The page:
What is the number of full binary trees of height less than $h$

Given a integer $h$

What is $N(h)$ the number of full binary trees of height less than $h$?

enter image description here

For example $N(0)=1,N(1)=2,N(2)=5, N(3)=21$(As pointed by TravisJ in his partial answer) I can’t find any expression of $N(h)$ neither a reasonable upper bound.

Edit In a full binary tree (sometimes called proper binary tree) every node other than the leaves has two children.

Solutions Collecting From Web of "What is the number of full binary trees of height less than $h$"

Here is my contribution to this interesting discussion. Introduce $T_{\le n}(z)$ the OGF of full binary trees of height at most $n$ by the number of nodes. Now a tree of height at most $n$ either has height at most $n-1$ or height exactly $n.$ The latter tree has a subtree of height $n-1$ on the left or the right of the root node or the root has two children of height $n-1.$ This gives
$$T_{\le n} = T_{\le n-1} + 2z (T_{\le n-1}-T_{\le n-2})T_{\le n-2} + z(T_{\le n-1}-T_{\le n-2})^2$$
where $T_{\le 0} = 1$ and $T_{\le 1} = z+1.$
Observe that $$T_{=n} = T_{\le n} – T_{\le n-1}.$$
Some algebra produces the simplified form
$$T_{\le n} = T_{\le n-1} + z T_{\le n-1}^2 – z T_{\le n-2}^2.$$
This produces e.g. the following generating function for trees of height at most four by the number of nodes:
$${z}^{15}+8\,{z}^{14}+28\,{z}^{13}+60\,{z}^{12}+94\,{z}^{11}
+116\,{z}^{10}\\+114\,{z}^{9}+94\,{z}^{8}+69\,{z}^{7}
+44\,{z}^{6}+26\,{z}^{5}+14\,{z}^{4}+5\,{z}^{3}+2\,{z}^{2}+z+1.$$
For the count compute the sequence $T_{\le n}(1)$ which yields
$$1, 2, 5, 26, 677, 458330, 210066388901, 44127887745906175987802,\\
1947270476915296449559703445493848930452791205,\ldots$$
This is OEIS A003095 and has closed form recurrence
$$t_n = t_{n-1} + t_{n-1}^2-t_{n-2}^2$$
with $t_0=1$ and $t_1=2.$
The number of trees of height exactly $n$ is given by
$$t_n-t_{n-1}$$ which gives the sequence
$$1, 3, 21, 651, 457653, 210065930571, 44127887745696109598901,\\
1947270476915296449559659317606103024276803403,\ldots$$
which is OEIS A001699.

(Partial Answer) First, $N(3)=21$. Second, and probably more useful, you can construct all the trees of height $h$ by adding two children to every non-empty subset of lowest vertices on a tree of height $h-1$. So, if at height $h-1$ you have trees $T_{1},…,T_{n}$ and tree $T_{i}$ has $v_{i}$ vertices on the lowest level, then the number of trees on level $h$ is

$$\sum_{i=1}^{n} (2^{v_{i}}-1).$$

Unfortunately, it seems to be not clear how to count how many leaves are at the lowest level in the newly constructed trees. This does provide an algorithm for constructing all such trees though.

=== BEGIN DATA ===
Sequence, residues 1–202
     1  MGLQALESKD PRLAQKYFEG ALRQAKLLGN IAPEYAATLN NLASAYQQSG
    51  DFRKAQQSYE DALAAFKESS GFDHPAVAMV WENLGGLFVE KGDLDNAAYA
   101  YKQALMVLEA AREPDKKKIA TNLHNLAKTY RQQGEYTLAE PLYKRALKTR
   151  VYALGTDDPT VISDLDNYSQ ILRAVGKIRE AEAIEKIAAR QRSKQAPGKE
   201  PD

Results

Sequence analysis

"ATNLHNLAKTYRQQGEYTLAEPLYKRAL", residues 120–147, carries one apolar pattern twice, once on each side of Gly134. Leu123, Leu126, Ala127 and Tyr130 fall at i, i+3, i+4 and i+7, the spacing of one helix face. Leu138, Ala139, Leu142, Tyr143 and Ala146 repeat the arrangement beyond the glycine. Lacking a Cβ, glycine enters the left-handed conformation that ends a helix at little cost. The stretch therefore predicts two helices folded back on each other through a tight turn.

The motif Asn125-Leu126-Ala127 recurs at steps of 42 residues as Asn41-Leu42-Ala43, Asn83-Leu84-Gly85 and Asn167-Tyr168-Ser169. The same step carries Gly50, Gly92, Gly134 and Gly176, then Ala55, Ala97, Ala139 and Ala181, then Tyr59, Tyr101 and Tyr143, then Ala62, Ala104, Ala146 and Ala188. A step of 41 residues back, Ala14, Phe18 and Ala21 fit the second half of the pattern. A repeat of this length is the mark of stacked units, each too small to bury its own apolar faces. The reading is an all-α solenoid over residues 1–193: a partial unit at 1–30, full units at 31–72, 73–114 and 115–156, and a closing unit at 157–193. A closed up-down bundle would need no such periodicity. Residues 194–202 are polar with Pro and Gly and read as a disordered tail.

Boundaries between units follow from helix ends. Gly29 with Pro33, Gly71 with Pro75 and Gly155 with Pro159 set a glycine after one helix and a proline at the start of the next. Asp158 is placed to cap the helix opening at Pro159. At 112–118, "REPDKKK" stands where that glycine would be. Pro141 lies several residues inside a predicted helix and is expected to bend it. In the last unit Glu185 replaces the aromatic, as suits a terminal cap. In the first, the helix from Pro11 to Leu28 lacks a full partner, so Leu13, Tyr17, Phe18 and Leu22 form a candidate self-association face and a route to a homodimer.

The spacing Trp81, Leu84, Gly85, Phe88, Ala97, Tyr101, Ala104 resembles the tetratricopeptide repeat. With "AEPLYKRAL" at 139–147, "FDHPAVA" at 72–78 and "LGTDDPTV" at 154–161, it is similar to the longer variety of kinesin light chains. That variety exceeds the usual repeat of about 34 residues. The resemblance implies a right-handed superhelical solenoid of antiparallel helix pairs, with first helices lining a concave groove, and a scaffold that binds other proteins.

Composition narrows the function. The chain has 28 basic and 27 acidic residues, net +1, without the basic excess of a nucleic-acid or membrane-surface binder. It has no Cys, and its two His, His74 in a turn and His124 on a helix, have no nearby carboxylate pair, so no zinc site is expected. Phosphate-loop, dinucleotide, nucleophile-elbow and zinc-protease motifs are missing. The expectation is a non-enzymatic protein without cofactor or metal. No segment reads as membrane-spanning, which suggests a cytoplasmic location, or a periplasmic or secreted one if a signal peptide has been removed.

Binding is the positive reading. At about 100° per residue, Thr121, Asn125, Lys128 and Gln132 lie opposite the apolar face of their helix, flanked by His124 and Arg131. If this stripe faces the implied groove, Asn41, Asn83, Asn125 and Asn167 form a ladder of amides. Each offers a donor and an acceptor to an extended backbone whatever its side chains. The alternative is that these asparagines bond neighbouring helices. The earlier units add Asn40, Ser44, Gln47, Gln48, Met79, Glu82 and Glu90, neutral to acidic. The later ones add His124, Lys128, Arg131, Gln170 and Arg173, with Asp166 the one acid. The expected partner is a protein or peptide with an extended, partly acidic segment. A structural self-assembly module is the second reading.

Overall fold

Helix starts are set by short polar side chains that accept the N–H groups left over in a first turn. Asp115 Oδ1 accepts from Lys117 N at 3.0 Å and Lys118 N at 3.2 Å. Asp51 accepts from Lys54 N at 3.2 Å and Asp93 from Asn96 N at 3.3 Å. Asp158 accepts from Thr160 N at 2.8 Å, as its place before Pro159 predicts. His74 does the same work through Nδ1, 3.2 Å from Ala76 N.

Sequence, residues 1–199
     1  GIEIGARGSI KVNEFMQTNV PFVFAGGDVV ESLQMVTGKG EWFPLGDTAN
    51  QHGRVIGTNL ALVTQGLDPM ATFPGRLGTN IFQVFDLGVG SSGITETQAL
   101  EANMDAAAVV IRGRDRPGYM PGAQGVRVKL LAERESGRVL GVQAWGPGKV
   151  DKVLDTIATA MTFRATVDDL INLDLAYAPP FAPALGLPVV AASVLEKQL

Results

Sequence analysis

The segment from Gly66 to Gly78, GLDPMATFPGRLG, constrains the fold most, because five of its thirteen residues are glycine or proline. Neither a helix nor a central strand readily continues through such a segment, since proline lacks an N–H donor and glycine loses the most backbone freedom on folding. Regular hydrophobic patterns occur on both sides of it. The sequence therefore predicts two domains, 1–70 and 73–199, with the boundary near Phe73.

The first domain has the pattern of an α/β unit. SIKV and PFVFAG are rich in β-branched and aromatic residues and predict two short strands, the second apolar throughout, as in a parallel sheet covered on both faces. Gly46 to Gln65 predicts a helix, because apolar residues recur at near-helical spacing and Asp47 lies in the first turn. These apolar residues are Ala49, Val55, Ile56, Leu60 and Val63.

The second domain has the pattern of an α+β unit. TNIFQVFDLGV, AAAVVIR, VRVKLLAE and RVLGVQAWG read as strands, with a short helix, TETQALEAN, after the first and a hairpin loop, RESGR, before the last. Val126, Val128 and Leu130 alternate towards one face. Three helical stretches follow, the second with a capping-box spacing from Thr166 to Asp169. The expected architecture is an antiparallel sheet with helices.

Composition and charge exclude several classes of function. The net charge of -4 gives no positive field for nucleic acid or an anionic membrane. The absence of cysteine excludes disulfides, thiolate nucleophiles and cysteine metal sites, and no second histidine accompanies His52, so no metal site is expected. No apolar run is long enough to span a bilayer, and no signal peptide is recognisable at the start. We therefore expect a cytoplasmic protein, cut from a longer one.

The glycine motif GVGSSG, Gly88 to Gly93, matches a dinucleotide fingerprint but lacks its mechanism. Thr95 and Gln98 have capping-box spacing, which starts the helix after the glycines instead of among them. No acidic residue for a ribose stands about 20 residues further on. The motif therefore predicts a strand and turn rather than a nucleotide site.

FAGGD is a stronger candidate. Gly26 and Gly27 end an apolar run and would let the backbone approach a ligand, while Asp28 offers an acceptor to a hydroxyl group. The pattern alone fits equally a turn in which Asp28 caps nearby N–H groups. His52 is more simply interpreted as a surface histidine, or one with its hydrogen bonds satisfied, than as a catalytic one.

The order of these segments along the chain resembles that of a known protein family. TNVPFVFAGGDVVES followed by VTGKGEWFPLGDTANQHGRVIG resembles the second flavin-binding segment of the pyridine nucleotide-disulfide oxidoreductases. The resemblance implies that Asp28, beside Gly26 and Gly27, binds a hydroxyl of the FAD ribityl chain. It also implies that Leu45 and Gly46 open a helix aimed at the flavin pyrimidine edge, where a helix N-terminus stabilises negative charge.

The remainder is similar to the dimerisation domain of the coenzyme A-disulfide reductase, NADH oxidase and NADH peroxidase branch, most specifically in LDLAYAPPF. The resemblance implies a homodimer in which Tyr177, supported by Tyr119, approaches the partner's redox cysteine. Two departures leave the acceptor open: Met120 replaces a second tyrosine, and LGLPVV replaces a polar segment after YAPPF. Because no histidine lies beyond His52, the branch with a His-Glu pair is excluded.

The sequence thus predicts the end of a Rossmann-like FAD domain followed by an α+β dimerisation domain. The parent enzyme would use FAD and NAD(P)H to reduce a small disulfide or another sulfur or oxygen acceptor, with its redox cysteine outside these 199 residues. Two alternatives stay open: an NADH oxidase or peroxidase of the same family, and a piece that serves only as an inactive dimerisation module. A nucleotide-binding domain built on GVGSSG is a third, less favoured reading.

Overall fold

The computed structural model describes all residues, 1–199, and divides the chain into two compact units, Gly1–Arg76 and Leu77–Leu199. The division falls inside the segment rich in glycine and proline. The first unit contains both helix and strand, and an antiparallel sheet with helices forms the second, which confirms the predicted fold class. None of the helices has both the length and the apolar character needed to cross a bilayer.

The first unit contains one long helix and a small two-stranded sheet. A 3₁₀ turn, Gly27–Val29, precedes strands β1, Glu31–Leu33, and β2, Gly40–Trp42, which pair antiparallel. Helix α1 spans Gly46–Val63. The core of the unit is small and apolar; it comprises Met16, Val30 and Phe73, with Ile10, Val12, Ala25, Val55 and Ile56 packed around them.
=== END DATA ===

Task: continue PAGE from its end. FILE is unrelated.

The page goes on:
You can define $T(h,b)$ as the number of trees of height $h$ with $b$ leaves at the bottom. Your $N(h)$ is then the sum over $b$ of $T(h,b)$ To get a tree of height $h+1$ and $b$ leaves on the bottom, you pick a tree of height $h$ and at least $b/2$ leaves on the bottom, then pick $b/2$ leaves to hang new leaves from. This gives a recurrence $$T(h+1,b)=\sum_{k=b/2}^{2^h}T(h,k){k \choose b/2}$$
We have $T(3,2)=8, T(3,4)=8, T(3,6)=4, T(3,8)=1$, giving the total of $21$ cited by TravisJ. Then $T(4,2)=8 \cdot 2 + 8 \cdot 4 + 4 \cdot 6 + 1 \cdot 8=80, T(4,4)=8\cdot 1+8\cdot 6 + 4 \cdot 15+1\cdot 28=144, T(4,6)=8\cdot 4+4 \cdot 20+1\cdot 56=168,T(4,8)=8\cdot 1+4\cdot 15+1\cdot 70=138,T(4,10)=4\cdot 6+1\cdot 56=80,T(4,12)=4\cdot 1+1\cdot 28=32,T(4,14)=8,T(4,16)=1$ for a total of $N(4)=651$ The sequence is given in OEIS A001699 where it is said to approach $1.5028368…^{(2^n)}$ and some references are given.

Let’s consider all possible ways of constructing a full binary tree of height at most $h \geq 1$. The root has either $0$ or $2$ children, so one possibility is that the tree is just a single node. On the other hand, the number of full binary trees such that the root has two children, is equal to the square of the number of full binary trees of height at most $h – 1$. Therefore, we obtain the recurrence

\begin{align}
N(0) & = 1 \\
N(h) & = N(h – 1)^2 + 1 \text{ if } h \geq 1
\end{align}

It follows that $2^{2^{h-1}}$ is a lower bound. On the other hand, $2^{2^{2 h}}$ is an upper bound so the complexity is doubly exponential. I suspect there is a closed form as well.

Note that $N(3) = 26$ here does not disagree with the other answers since they consider trees of height exactly $h$.